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Cambridge Institute for Sustainability Leadership (CISL)


August 2020 – Leaders around the world are facing a set of extraordinary choices. From short-term needs to long-term performance, Covid-19 has tested many of the assumptions about today’s society and challenged us to proactively create a future we want to live in.

Governments and businesses will invest trillions of dollars over the coming months to reinvigorate economic activity. Should these investments focus on quickly restoring the livelihoods, opening societies and restarting the activities which prevailed as recently as January 2020 or is this a once-in-a-lifetime opportunity to disrupt the prevailing paradigm and craft a sustainable economy? Navigating this choice is not easy: all pathways will have consequences on wealth, opportunity and people – both today and for generations to come. 

While there are no certainties about the post-Covid world (with many countries still trying to stabilise and decrease infection rates), leaders across business, government and finance are already making choices.

Earlier this year, the University of Cambridge Institute for Sustainability Leadership (CISL) canvassed our international network to explore the key issues affecting decision-makers. Which questions do we need to answer in order to find in the pandemic an unparalleled opportunity to shift towards a sustainable economy? What knowledge base is needed to tilt towards more sustainable behaviour? 

The Future we Want invited participants to allocate questions to one of five categories - changes to our economic models, leadership, protecting and restoring nature, decarbonisation, and social inclusion - pinpointing tensions in the system with a view to informing how the post-pandemic world can be sustainable.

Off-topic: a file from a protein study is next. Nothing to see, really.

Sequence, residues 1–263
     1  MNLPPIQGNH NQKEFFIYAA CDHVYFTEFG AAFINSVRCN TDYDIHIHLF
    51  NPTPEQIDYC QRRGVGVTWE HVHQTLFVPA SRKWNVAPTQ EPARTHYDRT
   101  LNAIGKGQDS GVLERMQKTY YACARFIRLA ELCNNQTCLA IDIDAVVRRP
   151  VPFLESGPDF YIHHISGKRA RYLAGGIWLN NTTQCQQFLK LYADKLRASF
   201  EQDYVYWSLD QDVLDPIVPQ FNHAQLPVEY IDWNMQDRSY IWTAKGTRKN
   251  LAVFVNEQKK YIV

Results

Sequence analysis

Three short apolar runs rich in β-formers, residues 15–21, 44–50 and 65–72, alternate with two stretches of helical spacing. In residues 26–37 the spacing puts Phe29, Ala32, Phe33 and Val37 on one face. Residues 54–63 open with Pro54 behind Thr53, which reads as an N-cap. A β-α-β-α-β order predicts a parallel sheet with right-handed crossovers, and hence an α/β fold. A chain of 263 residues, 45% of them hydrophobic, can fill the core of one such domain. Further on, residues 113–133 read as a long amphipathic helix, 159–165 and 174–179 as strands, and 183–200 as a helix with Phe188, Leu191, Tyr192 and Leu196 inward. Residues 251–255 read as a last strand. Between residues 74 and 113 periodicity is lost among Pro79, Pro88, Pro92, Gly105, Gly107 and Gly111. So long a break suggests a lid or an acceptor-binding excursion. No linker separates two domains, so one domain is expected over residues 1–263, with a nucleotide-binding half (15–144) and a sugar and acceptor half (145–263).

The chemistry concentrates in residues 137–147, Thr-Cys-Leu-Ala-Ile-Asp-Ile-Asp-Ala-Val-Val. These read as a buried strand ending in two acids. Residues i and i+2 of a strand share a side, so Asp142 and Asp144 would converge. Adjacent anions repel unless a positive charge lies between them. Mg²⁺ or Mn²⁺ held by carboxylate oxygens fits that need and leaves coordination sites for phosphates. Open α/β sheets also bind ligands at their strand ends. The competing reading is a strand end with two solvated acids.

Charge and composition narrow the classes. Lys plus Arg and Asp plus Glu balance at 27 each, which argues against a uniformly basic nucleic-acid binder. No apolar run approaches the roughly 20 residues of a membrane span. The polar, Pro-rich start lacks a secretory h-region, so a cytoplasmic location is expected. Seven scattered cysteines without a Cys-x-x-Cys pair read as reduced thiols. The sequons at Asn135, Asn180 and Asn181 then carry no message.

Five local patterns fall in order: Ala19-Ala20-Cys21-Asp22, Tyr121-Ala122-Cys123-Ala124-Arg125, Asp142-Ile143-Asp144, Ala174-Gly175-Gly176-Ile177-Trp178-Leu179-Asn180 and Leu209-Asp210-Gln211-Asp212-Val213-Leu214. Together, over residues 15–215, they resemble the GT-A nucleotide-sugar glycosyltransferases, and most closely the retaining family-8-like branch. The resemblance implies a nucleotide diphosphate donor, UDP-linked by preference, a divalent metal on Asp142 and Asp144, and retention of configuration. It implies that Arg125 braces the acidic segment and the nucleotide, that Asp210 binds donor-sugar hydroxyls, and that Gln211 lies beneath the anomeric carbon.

We received nearly 1,000 questions from our global network, with many calling for decision-makers to think holistically about the consequences of their actions. For instance, flexible working has become more palatable to the business community, but is it more climate-efficient? Will Covid-19 present an opportunity for businesses to ramp up their automation efforts at the expense of human workers and, if so, what will that mean for social inclusion? How can economic stimuli deliver better long-term prospects for more of the world’s population?

Unsurprisingly, economic concerns were prevalent with over a third of respondents highlighting the shortcomings of the current model for wealth creation. Across all geographies and in nearly all age groups, most questions were allocated to the changes to our economic models category, with survey respondents calling for more equitable forms of generating value and distributing wealth between people. Several people complained that Gross Domestic Product (GDP) was too narrow in focus; that measures of progress and economic resilience should consider issues such as human health and environmental services.

Commenting on the survey results, Executive Director for Sustainable Economy at CISL, Dr Jake Reynolds, said:

“Given our experience this year I’m not surprised we’ve seen greater interest in resilience. It’s astounding how quickly the economy fell off a cliff, and how the burden landed on less well-off people. The two big themes in these questions are equality and resilience, both of which are jeopardised by climate change.”